Beyond weight savings, however, there are other advantages of LFX that are perhaps even more important, depending on who you are.

 

First, I do disagree about the temperature range deficit for LFX. In fact, I believe we have an advantage in that respect, when you look at the spread of temperatures in which people most often ride. The FAQ covers this as of today, but LFX are vastly superior compared to most other lithium when it comes to "first-crank" cold starting, and like all lithium they are able to improve voltage performance with every subsequent crank, and can be "woken up" by applying a load before cranking, such as a headlight. Pls see the FAQ for details, but the bottom line is that LFX actually do work very well under the cold temps at which these vehicles are actually ridden. (aside from snowmobiles, not many powersports vehicles are used at temps below 0f, or even 20f, and even if they are you can wake the battery with a load to get good performance when needed).

 

Lead-acid batteries, on the other hand, do quite poorly at elevated temperatures. While high temps are bad for any battery, the rider is most interested in starting his bike at whatever temperature he is facing. If you look at the operating range for Odyssey for example, they are rated at 104f-114f on the high end. As we all know, it is possible to hit those numbers on a summer day. And with the battery located inside a motorcycle, battery temps can rise high above ambient. When it gets hot, LFX just crank better, all the way to 150f. Beyond 150f the battery will continue to crank well, but significant life reductions are underway.

 

In short, it is much more likely that riders will face overtemp conditions on their lead-acid compared to LFX, imo, and relatively unlikely that anyone will fail to start with LFX in the cold-weather temps that riders typically face.

 

 

Then there is the fact that LFX contain no poison lead, nor dangerous acid, and are therefore much more environmentally friendly. These things do matter to a large segment of the market.

 

And here is another big one... Lead-acid CCA and Ah ratings all assume that the battery is delivering the same voltage under cranking. That is, all lead-acid cells have the same voltage per cell, so the standards are on "level field". Our LFX are far superior in voltage holding, though. And it is Watts (V*A) that crank a vehicle, not amps alone. Every bike we have ever tested cranks much better with LFX than it does with the stock lead-acid. We turn 10%-20% faster, and start almost 50% faster on average, with a lower total load on the starter motor. In addition, we solve the "cranks but doesn't start" problem, which is more and more common these days due to compuerized ignition and EFI. Often a lead battery will sag in voltage to the point that the computer won't fire ignition or EFI. Our 1V~2V cranking advantage solves this.

 

But for me personally the single greatest advantage of LFX lithium is the end of sulfation due to unattended storage. This is another one that depends on who you are. I, like MANY riders, am likely to plan a ride "this weekend", then get busy and not ride the bike again for months. Not only do I not like having to tend batteries, I'm not "good" at it, and even if I were it would bug me to leave a device plugged in 24/7. I don't like the waste of energy, and I don't like the possibility of tender failure. I've owed 30+ motorcycles, and have probably bought 20 batteries over the years due to storage sulfation. If you ride every day, this is not a big issue for you, but if you don't it can be a huge relief not to worry about.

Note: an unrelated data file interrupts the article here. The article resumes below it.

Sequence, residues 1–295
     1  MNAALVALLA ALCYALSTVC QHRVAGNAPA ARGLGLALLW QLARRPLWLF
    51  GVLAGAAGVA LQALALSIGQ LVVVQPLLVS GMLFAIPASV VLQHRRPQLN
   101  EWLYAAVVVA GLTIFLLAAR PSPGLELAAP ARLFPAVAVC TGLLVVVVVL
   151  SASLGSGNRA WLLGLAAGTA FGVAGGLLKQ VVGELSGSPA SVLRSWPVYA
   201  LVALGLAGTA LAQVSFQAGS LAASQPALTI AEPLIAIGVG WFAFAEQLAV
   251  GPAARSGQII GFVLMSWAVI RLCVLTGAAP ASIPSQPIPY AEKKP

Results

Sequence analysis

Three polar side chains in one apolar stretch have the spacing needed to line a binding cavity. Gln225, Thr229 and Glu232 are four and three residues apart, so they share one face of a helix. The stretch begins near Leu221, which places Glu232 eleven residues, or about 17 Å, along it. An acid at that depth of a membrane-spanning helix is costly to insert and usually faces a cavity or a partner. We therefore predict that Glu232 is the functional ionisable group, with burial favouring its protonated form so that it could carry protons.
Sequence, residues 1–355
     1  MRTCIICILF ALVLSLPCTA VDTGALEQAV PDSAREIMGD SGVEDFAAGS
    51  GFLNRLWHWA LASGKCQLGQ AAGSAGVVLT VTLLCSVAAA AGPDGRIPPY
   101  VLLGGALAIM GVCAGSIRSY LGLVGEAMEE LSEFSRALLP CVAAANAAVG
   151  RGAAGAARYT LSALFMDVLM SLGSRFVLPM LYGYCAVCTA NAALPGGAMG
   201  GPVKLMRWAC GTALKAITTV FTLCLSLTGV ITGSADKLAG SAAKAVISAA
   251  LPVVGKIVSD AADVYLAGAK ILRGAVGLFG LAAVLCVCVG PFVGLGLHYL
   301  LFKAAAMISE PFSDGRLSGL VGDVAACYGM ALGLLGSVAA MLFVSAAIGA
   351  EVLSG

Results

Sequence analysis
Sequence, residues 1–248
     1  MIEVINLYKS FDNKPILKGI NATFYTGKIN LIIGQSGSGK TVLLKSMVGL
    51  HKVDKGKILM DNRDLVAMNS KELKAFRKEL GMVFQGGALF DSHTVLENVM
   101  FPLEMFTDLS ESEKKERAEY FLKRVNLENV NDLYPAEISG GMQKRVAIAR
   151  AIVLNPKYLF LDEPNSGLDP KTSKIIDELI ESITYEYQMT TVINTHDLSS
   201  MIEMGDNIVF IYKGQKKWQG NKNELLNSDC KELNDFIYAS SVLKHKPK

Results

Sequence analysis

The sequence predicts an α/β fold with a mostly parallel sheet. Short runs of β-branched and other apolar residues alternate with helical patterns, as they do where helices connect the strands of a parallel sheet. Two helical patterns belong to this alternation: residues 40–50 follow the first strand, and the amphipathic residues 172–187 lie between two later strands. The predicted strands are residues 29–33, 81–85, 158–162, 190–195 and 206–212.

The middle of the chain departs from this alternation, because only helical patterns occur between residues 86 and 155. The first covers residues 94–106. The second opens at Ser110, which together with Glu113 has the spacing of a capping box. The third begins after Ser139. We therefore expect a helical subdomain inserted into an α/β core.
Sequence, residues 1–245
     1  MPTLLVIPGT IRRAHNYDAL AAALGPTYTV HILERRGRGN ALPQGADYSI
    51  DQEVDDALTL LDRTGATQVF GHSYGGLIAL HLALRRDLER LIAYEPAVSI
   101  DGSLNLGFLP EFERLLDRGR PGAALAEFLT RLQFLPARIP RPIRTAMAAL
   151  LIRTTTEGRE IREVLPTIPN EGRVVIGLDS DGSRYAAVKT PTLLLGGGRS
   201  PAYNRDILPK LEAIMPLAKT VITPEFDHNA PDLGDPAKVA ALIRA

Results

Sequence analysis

I really like your LiFePO4 writeup, btw. Would you mind if I incorporated some of the text in our pubs?

 

Cheers,

 

David

Shorai Tech

Edited by ShoraiTech

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moshe_levy

David-

 

I think we should talk offlist, we may be able to share our LIFEPO4 experiences. I appreciate your post and in certain cases agree with your premises. Send me your direct number offlist when you get a chance.

 

-MKL

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JayW

Thank you for your thoughtful answers, David.

 

Jay

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ShoraiTech
David-

I appreciate your post and in certain cases agree with your premises. Send me your direct number offlist when you get a chance.

-MKL

 

PM sent, thanks.

 

btw, I just remembered another good one! Due to the big advantage we have in energy/power density, we are able to offer multiple capacity equivalents in the same case size.

 

Many bikes seem to come from the factory with lead-acid batteries that are barely adequate, and sometimes inadequate. I assume the engineers are trying to save space and weight. But since we can fit 7Ah, 9Ah, and 14Ah PbEq LFX cells in the same case size as a YTZ7S (7ah lead-acid), for example,users can "upgrade" the starting and reserve capacity of their bikes without any mods to the battery box. KTM woods riders, for one example, love that they can pack twice the reserve capacity in their bikes with the LFX14L2, as they are very often required to restart on technical trails, and the stock YTZ7S may not be up to the task. (same thing goes for our larger case series, with 12Ah, 14Ah, and 18Ah PbEq in a form factor that fit in many bikes with 10Ah~14Ah original batteries).